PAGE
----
Can Chickens Fly? Everything You Want To Know

Some chickens can and do fly!

Whether it is a wing flap, hop, or a full blown flight they can do it.

However even those breeds that can fly will not win any Olympic medals for style or distance.

Their flights are extremely limited in distance and time, so you really do not have to worry about them flying off to greener pastures.

The biggest danger with inquisitive chickens that fly is that they will get lost. They may fly too far and not know how to get back and the end for such birds is not usually a happy one…

A Rooster Flying

Can Chickens Actually Fly?

Most chickens cannot fly very far. Most can fly just enough to get over a fence or escape from predators.

As for how high they can fly, most will only be able to climb into trees around 10-15 feet high.

The world record for a chicken flight is 301.5 feet and was set back in 2014.

They cannot out-fly a winged predator unless they find some deep cover to hide in.

Some chickens (bantams and Breda fowl) can escape a dangerous situation by using a burst flight. This is where they seem to be standing on the spot and then suddenly burst upward and away from danger.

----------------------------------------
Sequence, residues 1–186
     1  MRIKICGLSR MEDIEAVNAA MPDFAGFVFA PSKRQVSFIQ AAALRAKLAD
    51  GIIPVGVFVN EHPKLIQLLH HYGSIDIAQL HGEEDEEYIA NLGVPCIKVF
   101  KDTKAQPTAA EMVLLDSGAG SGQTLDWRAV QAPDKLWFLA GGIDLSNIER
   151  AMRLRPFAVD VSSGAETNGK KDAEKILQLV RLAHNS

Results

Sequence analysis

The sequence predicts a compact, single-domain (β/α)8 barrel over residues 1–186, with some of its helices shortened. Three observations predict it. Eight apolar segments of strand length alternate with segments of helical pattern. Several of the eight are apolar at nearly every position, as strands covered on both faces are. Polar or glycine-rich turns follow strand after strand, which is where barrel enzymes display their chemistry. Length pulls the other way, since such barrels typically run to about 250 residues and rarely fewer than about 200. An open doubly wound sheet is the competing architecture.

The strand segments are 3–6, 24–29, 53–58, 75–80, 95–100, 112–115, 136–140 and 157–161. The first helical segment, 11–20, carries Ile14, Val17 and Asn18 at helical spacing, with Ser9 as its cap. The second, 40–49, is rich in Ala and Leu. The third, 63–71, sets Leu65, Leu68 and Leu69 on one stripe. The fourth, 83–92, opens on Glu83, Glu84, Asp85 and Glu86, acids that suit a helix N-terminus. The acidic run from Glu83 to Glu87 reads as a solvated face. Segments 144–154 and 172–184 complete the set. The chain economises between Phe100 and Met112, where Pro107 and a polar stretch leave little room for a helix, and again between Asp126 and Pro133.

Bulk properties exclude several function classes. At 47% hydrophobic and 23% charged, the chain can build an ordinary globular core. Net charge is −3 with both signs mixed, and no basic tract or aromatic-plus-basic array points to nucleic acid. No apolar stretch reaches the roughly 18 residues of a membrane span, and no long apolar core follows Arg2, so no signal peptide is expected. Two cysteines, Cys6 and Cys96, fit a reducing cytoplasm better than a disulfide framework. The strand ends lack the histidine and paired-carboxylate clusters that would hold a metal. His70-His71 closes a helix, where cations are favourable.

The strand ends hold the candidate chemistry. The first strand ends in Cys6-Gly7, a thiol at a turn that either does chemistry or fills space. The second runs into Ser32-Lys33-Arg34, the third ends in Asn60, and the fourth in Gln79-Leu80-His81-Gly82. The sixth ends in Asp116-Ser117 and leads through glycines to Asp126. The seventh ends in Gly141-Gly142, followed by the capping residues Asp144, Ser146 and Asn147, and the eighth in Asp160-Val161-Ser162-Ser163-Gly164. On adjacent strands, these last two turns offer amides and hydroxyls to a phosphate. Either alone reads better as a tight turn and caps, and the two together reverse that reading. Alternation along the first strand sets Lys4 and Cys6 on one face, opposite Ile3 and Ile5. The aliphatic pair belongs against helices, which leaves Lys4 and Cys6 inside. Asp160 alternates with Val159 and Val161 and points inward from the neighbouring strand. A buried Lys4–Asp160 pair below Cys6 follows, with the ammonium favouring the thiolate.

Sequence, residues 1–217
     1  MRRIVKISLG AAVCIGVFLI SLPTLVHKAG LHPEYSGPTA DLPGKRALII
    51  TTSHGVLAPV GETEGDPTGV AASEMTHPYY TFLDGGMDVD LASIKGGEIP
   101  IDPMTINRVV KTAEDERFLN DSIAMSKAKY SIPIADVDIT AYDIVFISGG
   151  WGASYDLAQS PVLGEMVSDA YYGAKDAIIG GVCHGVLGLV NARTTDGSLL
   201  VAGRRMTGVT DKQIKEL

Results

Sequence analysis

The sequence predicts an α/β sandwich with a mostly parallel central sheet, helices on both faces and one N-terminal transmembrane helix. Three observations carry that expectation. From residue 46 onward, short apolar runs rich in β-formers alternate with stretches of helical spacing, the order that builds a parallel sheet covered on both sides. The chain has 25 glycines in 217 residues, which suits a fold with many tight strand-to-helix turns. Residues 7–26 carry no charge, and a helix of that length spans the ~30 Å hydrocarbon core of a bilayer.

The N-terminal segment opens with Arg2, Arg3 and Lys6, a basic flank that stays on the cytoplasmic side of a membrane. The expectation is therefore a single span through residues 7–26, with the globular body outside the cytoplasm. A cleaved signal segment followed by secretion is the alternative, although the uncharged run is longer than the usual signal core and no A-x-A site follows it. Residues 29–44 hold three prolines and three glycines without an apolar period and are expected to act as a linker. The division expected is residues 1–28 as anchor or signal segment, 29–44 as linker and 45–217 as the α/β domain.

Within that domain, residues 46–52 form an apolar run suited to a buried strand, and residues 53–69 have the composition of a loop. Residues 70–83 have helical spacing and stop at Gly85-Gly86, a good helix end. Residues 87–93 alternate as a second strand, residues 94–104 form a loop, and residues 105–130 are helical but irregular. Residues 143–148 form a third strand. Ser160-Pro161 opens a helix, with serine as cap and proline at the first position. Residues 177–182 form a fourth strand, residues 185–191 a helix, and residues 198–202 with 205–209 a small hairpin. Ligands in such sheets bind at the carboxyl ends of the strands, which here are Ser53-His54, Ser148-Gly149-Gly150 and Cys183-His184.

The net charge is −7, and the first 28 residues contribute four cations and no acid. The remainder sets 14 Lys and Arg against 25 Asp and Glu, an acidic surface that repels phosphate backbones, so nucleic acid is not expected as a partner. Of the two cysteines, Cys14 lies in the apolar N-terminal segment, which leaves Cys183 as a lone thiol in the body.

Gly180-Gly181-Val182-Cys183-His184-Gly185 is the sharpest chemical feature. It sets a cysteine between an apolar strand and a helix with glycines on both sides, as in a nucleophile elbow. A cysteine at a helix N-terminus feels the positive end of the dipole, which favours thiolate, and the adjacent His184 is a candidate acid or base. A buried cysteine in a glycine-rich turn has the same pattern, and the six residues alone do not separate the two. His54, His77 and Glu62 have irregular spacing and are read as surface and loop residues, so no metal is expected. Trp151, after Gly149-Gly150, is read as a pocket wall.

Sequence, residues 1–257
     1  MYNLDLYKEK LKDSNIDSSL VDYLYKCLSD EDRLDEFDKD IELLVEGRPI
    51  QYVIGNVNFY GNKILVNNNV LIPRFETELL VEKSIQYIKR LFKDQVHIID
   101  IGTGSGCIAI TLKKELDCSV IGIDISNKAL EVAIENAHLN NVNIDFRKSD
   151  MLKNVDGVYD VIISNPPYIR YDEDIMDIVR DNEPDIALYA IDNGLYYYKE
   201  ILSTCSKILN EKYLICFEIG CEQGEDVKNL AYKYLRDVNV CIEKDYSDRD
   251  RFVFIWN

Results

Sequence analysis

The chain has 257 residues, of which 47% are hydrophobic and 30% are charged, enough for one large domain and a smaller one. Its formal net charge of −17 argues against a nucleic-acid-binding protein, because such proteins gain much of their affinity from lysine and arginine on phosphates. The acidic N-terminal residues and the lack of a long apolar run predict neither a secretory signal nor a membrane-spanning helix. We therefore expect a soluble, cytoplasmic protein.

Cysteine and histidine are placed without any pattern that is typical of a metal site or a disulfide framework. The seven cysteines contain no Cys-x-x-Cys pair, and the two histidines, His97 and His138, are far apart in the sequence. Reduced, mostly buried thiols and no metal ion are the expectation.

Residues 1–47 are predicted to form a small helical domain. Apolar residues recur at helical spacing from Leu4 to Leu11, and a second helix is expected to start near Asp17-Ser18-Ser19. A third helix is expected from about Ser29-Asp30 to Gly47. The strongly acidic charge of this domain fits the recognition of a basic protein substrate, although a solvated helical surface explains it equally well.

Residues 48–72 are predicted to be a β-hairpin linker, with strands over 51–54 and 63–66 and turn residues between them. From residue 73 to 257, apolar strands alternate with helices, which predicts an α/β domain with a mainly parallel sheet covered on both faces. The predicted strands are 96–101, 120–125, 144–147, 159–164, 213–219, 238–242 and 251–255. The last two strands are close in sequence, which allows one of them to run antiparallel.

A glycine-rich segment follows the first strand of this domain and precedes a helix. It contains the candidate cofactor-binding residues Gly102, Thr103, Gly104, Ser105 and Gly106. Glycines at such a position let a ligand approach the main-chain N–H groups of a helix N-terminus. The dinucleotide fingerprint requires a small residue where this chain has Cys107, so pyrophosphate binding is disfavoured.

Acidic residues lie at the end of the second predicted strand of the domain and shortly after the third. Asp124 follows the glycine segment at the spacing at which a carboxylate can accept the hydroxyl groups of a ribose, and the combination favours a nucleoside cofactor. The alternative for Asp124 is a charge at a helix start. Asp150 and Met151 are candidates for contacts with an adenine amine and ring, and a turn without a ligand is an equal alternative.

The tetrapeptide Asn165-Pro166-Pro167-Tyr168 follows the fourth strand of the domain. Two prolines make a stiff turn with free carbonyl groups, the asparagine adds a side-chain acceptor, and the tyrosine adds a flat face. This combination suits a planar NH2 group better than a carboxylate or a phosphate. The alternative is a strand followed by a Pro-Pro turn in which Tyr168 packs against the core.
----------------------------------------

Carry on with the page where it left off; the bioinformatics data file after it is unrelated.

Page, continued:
This type of escape is common to game birds such as grouse and pheasants. Apparently even prehistoric birds used this tactic.

Most chickens will only fly for a few seconds before crashing back down to earth!

If you watch the flight of this chicken in slow motion you will see that it is hard for them to get any lift under the wings and the landing is more of a controlled crash than anything else.

Fun Facts About Chickens Flying

  1. The furthest distance attained was 301.5 feet in 2014.
  2. In terms of time the longest flight was only 13 seconds.
  3. While there is no record of the highest a chicken has ever flown, some breeds can easily fly up 30 feet or more to reach the top of a house or barn.
  4. They will fly at around 10mph.
  5. Silkies are the only breed that cannot fly at all.

The History Of Chickens And Flying

Chicken Taking Off

Thousands of years ago humans captured and caged wild jungle fowl with the intention of using them for cock fighting, ceremonies and food.

Back then food was the most important need and bones from domesticated chickens have been dated to 7,400 years ago. These bones were discovered in a province of China but there have been some finds from India that are at least 5,000 years old.

Even before domestication wild jungle fowl did not fly well. They could fly up into the lower tree or bush branches away from danger and slightly higher for roosting purposes.

They did not really have to worry too much about flying away from aerial predators since they usually lived in the jungle with a dense canopy they could use for shelter.

Over the years wild jungle fowl were domesticated further and people even started breeding them to create some of the beautiful breeds we know today.

These new breeds lived in relative harmony with humans so their need to fly diminished. As they were bred further their ability to fly also diminished.